On June 7, 2017, a St. Louis Police SWAT team raided a home on South Kingshighway. Within minutes the house was riddled with bullets and a 21-year-old young man was dead.
The police immediately described a “firefight” inside the home. They described Isaiah Hammett as “lying in wait” to ambush them, tipped off by his external home surveillance camera.
On the news the police displayed an AK-47 and alleged Isaiah fired it at them. They cited possession of guns and drugs as “probable cause” to justify their aggressive SWAT raid.
But what does the evidence tell us about the raid?
According to the family, Isaiah’s surveillance camera hasn’t functioned for years, so he was not forewarned. There was no evidence of a flash grenade the police claim they used. Family and friends also report the AK-47 was not functional.
Most alarming, an independent forensic analyst, brought in by the family for a preliminary study, supports the family’s account that no evidence indicates any bullets were fired in the direction of police. All the bullet holes point only to incoming fire.
Isaiah was the caregiver for his disabled grandfather Dennis Torres, a Vietnam vet. They shared the house.
In public statements, Isaiah’s grandfather has recalled how he was awakened by gunfire. Isaiah entered his room, retreating from his own, to pull his grandfather to safety on the floor. When he asked who was attacking, Isaiah responded, “I don’t know. I love you.”
The grandfather has further stated Isaiah entered and left his room unarmed. As Isaiah entered the dining room he was heard saying, “Please don’t shoot me.” That is where he was killed.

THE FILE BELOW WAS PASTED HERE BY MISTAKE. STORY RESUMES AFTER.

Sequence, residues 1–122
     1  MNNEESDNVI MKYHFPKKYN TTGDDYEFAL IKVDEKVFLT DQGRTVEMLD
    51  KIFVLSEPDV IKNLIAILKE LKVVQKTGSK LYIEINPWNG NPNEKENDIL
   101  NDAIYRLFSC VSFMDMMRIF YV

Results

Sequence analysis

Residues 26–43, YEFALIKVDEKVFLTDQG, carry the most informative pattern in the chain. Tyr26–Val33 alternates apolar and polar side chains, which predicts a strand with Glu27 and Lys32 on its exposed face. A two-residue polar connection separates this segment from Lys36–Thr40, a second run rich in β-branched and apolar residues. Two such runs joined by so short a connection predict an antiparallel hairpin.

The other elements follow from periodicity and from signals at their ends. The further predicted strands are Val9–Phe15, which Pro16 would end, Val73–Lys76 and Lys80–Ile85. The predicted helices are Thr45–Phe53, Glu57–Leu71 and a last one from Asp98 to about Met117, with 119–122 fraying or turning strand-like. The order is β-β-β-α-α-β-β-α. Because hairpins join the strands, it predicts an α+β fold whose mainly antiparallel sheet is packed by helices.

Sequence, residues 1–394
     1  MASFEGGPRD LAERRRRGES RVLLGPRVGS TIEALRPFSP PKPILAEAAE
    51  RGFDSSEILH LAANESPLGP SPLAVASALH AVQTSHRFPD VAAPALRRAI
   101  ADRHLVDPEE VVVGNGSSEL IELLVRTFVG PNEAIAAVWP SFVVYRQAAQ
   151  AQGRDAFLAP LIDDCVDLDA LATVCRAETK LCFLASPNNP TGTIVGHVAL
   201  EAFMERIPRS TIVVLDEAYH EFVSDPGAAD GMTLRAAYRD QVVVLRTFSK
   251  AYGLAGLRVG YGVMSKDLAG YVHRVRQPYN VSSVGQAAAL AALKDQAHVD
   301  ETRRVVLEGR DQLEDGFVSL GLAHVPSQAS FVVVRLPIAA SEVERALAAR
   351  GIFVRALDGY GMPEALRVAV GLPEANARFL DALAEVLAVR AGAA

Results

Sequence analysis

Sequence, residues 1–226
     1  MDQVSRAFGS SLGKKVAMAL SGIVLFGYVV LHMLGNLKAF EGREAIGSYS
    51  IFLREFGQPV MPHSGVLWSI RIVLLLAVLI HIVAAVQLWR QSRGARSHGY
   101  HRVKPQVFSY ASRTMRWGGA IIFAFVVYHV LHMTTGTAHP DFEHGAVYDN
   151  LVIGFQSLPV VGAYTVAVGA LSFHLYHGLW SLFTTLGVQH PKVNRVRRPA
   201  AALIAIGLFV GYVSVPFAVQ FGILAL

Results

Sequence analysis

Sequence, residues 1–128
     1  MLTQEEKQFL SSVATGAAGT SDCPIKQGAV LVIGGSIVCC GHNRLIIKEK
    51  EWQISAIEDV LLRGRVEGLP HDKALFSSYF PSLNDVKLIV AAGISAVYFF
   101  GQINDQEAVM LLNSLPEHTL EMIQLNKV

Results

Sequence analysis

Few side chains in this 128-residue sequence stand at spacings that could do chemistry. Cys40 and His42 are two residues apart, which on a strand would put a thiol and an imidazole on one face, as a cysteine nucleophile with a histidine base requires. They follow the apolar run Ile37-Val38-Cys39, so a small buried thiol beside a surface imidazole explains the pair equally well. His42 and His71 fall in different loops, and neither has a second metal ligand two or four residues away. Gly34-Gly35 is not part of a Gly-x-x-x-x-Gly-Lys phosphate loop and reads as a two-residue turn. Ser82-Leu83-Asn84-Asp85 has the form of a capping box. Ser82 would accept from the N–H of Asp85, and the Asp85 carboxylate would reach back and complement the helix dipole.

His grandfather observed several officers standing over Isaiah and then he heard two more shots. Bullet holes in the floor attest to the downward angle.
How many deaths will it take ’til we know….?
There are enough unanswered questions and conflicting statements by police to demand a fair and independent investigation of this shooting.
The police department’s Force Investigative Unit, created in the wake of Ferguson, is doing their analysis. The circuit attorney, in the wake of Ferguson, does a separate investigation of all officer-involved shootings, but is at least partially dependent on the police analysis. Reports from both these agencies will go to the Civilian Oversight Board (COB) for review, but the COB is dependent on those reports for its information.
Isaiah’s family must now live in a house blasted with bullet holes, blood stains, and splattered remains as they slowly raise the money to ensure their own complete forensic investigation and to bury their child.
Police have removed one of Isaiah’s two bedroom doors from the house. The family maintains all seized guns were legally purchased and were, with the exception of the broken AK-47, the grandfather’s. However, the family doesn’t know what other evidence might have been seized. The search warrant, which arrived six hours after police entry into the home, states police are required to leave an inventory of seized items. Seven weeks later, this has yet to be produced.
The Coalition of Police Crimes & Repression joins Isaiah’s family and supporters in demanding a fair investigation, including one by the Department of Justice, the release of the names of all officers involved, and prosecution of officers the investigations reveal committed wrongdoing. We also demand that these investigations explore the pattern of St. Louis’ militarized SWAT attacks, including the death of Don Clark Sr. on February 21, 2017.
Jamala Rogers and John Chasnoff are co-chairs of the Coalition Against Police Crimes and Repression.